And all done during a boom.... Still it didn't overspend in the boom it only appears that way in the bust....

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Simple question for the prof - Was there a deficit?

As long as the deficit (as a %) is smaller than the nominal growth of the economy (as a %) there shouldn't be a problem.

Up until the financial crisis, total UK debt was at very low levels compared with other big industrialized countries.

Interestingly, one thing that Mr Osbourne could do to reduce the deficit with no pain to the electorate would be to nationalize PFI contracts - basically stick the debt on the government books instead of paying sky-high interest rates. Strange he hasn't done that.

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Respond with this when you hear this crap

They encouraged the rest of the economy to borrow and massively overspend. Labour then spent all the resulting tax proceeds.

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What about all the other scams brown pulled

Future loaded PFI

Delay in all major infrastructure spend. Power supply being the most critical ....Military equipment etc

Future benefit and public pension commitment incontinence

Blowing windfall incomes ...eg 3g auction.. £22 bn

Allowing runaway personal debit

Probably a shitload more. , but I've not had breakfast yet....

Obviously this.

Off balance sheet spending and borrowing...doesnt show in the deficit, but sure as hell shows in the GDP.

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Respond with this when you hear this crap

They encouraged the rest of the economy to borrow and massively overspend. Labour then spent all the resulting tax proceeds.

Not only spending the tax take from phoney rise in GDP but locking in the spending for the future with enormous health and welfare commitments. We now appear stuck with a deficit that we can't shift.

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He's clearly been ...encouraged to write this. Tripe.

Let's see if he gets a peerage in a few years time. Or "increase in funding" when Labour gets in.

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As long as the deficit (as a %) is smaller than the nominal growth of the economy (as a %) there shouldn't be a problem.

Up until the financial crisis, total UK debt was at very low levels compared with other big industrialized countries.

Interestingly, one thing that Mr Osbourne could do to reduce the deficit with no pain to the electorate would be to nationalize PFI contracts - basically stick the debt on the government books instead of paying sky-high interest rates. Strange he hasn't done that.

Pumping GDP via imputed rents, which have accounted fir £40Bn of nominal GDP growth since 2007, around a quarter of all GDP growth since then, does not make debts eadier to manage despite it making the debt/GDP stat look healthier.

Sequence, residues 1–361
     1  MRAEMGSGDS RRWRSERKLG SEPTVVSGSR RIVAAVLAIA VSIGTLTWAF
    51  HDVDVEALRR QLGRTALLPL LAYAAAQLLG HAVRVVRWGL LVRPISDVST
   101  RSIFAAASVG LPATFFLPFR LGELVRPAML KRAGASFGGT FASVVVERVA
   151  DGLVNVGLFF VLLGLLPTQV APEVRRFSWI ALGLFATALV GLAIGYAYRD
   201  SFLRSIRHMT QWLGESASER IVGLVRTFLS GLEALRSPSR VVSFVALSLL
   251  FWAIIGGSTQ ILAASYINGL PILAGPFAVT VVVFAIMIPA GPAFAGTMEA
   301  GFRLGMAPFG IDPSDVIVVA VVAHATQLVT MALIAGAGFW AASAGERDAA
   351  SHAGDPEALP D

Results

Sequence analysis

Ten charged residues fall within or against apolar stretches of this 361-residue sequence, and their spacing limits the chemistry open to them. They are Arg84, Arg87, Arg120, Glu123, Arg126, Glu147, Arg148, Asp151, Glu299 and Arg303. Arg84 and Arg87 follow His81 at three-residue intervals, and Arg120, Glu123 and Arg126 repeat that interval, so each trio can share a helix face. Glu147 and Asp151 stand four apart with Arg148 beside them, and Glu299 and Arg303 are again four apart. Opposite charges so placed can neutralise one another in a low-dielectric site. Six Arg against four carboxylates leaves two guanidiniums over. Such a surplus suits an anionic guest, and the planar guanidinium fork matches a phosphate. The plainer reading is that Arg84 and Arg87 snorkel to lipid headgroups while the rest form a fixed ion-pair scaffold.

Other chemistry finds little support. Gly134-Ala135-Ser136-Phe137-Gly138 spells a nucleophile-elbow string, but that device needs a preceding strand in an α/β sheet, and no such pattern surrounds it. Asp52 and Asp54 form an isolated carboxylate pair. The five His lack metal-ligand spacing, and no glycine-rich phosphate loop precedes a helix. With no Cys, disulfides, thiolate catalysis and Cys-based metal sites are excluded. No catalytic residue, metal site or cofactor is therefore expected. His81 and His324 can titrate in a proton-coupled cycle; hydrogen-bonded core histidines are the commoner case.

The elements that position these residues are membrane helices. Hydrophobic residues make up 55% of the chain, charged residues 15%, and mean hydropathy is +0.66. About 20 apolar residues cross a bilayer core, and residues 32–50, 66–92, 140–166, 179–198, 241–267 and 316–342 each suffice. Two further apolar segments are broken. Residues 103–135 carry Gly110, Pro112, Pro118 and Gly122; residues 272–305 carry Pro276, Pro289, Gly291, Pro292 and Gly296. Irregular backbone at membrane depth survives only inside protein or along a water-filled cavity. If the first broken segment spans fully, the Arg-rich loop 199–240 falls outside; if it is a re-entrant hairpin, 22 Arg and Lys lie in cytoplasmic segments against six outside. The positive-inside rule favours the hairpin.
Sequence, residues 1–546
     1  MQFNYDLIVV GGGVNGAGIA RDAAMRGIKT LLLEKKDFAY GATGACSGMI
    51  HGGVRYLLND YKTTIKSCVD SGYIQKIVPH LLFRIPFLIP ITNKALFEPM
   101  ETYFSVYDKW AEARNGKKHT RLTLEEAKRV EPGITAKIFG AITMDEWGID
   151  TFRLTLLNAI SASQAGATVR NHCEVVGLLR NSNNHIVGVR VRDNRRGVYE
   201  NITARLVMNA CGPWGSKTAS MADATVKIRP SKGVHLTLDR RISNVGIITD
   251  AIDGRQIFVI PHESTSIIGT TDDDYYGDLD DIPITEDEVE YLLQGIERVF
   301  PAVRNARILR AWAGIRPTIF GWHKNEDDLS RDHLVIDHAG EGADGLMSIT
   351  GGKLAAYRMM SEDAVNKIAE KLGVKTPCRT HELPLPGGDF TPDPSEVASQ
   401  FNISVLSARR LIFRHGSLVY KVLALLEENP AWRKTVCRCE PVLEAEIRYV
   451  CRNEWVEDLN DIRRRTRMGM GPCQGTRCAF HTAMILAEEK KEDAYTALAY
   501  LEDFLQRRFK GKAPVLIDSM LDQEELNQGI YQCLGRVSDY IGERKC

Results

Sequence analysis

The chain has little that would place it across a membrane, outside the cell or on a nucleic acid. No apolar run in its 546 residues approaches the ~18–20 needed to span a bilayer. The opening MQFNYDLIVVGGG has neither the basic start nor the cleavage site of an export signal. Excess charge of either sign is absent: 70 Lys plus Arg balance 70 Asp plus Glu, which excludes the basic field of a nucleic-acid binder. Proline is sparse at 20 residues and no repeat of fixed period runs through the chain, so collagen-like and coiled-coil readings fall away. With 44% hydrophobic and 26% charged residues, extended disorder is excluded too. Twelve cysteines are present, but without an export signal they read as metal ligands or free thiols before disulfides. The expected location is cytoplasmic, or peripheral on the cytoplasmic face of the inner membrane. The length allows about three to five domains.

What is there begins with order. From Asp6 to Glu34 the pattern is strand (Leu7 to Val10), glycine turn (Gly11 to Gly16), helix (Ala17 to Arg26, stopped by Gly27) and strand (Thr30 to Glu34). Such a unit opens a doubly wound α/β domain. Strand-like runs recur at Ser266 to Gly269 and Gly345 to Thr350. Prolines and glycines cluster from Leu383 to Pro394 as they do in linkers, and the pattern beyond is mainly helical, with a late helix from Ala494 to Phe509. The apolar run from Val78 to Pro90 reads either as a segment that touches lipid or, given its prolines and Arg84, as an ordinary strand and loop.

By this fiddle, Osborne has allowed himself to stick tens of billions of unfunded spending onto the national debt without raising the ratio, yet this extra borrowing is backed with precisely nothing of substance for repayment purposes.

Edited by cheeznbreed

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Academic economist berates economic journalism! How many of their joint number identified the Crash before it happened? It's like two bald men fighting over the use of a comb.

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Pumping GDP via imputed rents, which have accounted fir £40Bn of nominal GDP growth since 2007, around a quarter of all GDP growth since then, does not make debts eadier to manage despite it making the debt/GDP stat look healthier.

By this fiddle, Osborne has allowed himself to stick tens of billions of unfunded spending onto the national debt without raising the ratio, yet this extra borrowing is backed with precisely nothing of substance for repayment purposes.

I should imagine imputed rent is a double count...as the money so "earned" is spent in the wider economy.

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Not only did Labour overspend in the latter years but Labour failed to recognise and do anything about the weaknesses and failures developing in the economy even though they were becoming clearer and clearer with every passing day.

For example the irresponsible lending encouraged to inflate the housing market above any level of normality which eventually was a main contributor to the economic collapse. The acceptance of inflation continually above the level specified in its own written remit.

The Professor's attempted analysis doesn't seem to consider that sort of detail at all or whether the general economy was healthy and balanced enough in the first place to sustain all the debt and extra taxation etc being loaded onto it. It clearly wasn't.

The levels of debt and taxation were too high for a healthy economy never mind one already on its last legs.

In the latter years Labour went on such a spending spree that in 2007 they were having to scrape the barrel by doing away with the10% tax band which had helped those on a low income and pensioners. Those people were only partially and reluctantly compensated for the loss of that tax band by protests within the Labour party.